Foreigner - Jewellery Box

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Object detail

A handmade polished wooden jewellery box, lined with olive-green velvet. Features a joined lid and feet.
PERSONAL EFFECTS Containers jewellery box
Production date
H85 x W220 x D150 mm
Media/Materials description
History and use
This jewellery box is a ‘foreigner’, produced by workers at the Ipswich Railway Workshops.

A ‘foreigner’ was a piece of work carried out surreptitiously by workers for private purposes, using scraps of metal and timber and odd moments of spare time. By definition, ‘foreigners’ were officially forbidden though it was often overlooked so long as it was kept within reasonable bounds. The concept evolved amongst workers from that of ‘foreign orders’, conducted officially by the Workshops for outside organisations and firms to assist in local industry and other government departments.

Referred to by workers as the ‘take-home fringe benefit’, the practice of producing personal ‘foreigners’ came into question in 1982 in State Parliament, though luckily for many it was excused as being ‘one of the privileges of the job’. Despite this, at times, a relaxed attitude to producing ‘foreigners’ was a risk and workers are known to have been convicted of theft for producing ‘foreigners’, losing their jobs in the process.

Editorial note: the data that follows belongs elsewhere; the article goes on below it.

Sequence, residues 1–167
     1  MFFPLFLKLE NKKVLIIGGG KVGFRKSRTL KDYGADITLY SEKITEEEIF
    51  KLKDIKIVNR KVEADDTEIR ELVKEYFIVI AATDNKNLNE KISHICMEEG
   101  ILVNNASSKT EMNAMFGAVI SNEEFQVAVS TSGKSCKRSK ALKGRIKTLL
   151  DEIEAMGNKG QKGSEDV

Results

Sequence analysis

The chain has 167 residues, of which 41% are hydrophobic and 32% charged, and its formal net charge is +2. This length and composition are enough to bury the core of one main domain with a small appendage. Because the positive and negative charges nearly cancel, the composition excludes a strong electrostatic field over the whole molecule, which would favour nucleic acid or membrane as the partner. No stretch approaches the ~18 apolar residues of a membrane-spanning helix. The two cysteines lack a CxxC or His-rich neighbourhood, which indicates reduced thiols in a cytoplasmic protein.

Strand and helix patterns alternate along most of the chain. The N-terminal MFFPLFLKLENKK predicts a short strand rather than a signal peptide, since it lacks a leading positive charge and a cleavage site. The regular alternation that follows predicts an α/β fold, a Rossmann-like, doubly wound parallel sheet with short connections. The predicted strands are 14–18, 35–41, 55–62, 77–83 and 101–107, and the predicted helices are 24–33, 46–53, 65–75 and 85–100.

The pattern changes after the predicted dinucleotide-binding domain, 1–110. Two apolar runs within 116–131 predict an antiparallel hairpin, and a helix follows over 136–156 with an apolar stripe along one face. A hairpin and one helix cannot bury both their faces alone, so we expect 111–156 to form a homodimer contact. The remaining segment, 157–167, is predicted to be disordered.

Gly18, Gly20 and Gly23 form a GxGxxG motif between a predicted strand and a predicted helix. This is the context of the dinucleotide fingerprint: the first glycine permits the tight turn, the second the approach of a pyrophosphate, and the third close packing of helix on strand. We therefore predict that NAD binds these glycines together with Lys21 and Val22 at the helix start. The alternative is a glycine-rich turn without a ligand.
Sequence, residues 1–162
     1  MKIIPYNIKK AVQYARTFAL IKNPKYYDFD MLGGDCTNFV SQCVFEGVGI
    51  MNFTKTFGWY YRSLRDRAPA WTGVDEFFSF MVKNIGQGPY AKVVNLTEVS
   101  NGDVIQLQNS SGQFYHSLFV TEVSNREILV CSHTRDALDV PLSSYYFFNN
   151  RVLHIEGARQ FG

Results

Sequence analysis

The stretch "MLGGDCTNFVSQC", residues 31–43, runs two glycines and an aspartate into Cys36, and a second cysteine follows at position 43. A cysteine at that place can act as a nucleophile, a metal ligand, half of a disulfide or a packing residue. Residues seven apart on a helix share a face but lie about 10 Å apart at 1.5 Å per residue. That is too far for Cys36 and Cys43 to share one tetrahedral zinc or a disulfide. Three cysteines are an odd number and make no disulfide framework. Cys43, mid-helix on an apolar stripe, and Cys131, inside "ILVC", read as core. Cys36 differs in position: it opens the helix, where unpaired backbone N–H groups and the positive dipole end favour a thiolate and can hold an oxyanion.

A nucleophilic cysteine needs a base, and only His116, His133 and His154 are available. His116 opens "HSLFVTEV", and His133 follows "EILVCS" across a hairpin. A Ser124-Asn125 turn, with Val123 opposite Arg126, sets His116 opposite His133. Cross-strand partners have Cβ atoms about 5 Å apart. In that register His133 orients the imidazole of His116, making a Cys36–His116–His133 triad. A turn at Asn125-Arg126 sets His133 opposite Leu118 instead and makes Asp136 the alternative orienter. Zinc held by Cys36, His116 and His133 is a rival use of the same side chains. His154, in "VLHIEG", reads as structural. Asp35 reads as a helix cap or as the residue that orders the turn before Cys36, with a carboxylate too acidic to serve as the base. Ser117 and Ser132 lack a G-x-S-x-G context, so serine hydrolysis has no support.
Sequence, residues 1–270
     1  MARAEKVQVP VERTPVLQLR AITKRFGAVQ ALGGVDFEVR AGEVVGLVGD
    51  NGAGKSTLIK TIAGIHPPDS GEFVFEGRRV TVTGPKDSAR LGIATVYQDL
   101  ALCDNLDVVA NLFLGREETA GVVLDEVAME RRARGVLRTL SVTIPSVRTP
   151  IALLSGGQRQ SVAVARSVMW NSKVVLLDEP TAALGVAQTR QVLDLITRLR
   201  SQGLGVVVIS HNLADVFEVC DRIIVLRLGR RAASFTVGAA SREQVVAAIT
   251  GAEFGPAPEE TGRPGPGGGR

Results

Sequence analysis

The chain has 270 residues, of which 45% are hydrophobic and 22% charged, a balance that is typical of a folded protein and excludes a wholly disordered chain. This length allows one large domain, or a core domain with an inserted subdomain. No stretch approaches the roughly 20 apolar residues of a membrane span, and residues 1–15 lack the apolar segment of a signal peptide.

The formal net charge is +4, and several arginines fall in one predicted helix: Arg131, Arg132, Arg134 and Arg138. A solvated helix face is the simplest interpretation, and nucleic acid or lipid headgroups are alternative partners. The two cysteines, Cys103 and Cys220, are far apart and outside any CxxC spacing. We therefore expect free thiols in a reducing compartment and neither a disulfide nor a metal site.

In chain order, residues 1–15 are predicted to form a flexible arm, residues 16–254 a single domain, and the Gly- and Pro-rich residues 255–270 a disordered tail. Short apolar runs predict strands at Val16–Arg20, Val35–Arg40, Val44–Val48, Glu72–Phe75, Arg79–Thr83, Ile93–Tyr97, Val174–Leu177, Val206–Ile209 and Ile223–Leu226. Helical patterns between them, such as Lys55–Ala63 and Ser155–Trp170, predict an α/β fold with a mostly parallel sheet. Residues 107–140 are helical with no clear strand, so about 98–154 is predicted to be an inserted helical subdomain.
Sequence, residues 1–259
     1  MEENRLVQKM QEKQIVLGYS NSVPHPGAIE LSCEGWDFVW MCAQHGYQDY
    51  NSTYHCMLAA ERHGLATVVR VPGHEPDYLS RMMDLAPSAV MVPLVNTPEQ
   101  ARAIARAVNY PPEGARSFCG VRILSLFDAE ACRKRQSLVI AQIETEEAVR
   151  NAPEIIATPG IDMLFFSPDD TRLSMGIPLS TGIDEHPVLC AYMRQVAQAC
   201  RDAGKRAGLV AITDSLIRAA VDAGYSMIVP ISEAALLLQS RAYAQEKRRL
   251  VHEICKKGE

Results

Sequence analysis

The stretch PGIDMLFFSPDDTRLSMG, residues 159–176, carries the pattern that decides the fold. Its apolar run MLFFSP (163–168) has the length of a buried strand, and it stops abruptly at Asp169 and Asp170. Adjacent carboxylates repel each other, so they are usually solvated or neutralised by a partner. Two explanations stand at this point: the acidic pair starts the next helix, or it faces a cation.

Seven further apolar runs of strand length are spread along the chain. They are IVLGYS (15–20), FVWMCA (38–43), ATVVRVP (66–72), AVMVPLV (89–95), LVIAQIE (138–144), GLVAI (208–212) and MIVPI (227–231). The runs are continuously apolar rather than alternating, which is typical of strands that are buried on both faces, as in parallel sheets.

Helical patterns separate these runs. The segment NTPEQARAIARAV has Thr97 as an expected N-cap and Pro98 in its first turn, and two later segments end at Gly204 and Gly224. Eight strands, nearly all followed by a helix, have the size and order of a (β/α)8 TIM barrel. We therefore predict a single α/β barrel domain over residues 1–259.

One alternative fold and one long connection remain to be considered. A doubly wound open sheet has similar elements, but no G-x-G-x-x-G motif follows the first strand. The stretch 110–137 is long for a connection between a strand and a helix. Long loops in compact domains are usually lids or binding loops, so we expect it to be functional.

Today, many houses in Ipswich still contain these products of skill and ingenuity having emerged from the Workshops. Items could include fishing reels, yabby pumps, kitchen utensils and household goods, home-brewing instruments, garden tools, toys, and even elaborate family gifts (e.g. jewellery boxes). These were often modelled on commercial products, though produced for the private context based on need or creativity, not private enterprise. In many instances, workers from different work areas would collaborate to produce their ‘foreigners’ – for example, a blacksmith might have sought assistance from a Foundry worker for the right scrap resources and skills in casting metal.

How were these objects carried home in secret you might ask? ‘Knock-off time’ at the Workshops was a major event, with the entire workforce (between 1500 and 3500 in the 1900s) pouring through the gates when the whistle blew. This was an opportunity to sneak ‘foreigners’ out, whether wrapped in overalls or stuffed down the legs of a worker’s trousers.

The ‘foreigners’ that the Museum caretakes are representative of just a small portion of the rich history of the Ipswich Railway Workshops. For more insight, refer to 'Behind the Tin Fence: A History of the Ipswich Railway Workshops' (published 2011 as part of Memoirs of the Queensland Museum series).
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